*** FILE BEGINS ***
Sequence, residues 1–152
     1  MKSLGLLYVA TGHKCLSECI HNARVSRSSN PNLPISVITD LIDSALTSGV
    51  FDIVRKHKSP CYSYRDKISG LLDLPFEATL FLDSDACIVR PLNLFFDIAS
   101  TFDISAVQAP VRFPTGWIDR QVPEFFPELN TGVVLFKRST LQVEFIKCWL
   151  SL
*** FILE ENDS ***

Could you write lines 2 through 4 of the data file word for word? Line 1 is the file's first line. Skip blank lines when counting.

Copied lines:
     1  MKSLGLLYVA TGHKCLSECI HNARVSRSSN PNLPISVITD LIDSALTSGV
    51  FDIVRKHKSP CYSYRDKISG LLDLPFEATL FLDSDACIVR PLNLFFDIAS
   101  TFDISAVQAP VRFPTGWIDR QVPEFFPELN TGVVLFKRST LQVEFIKCWL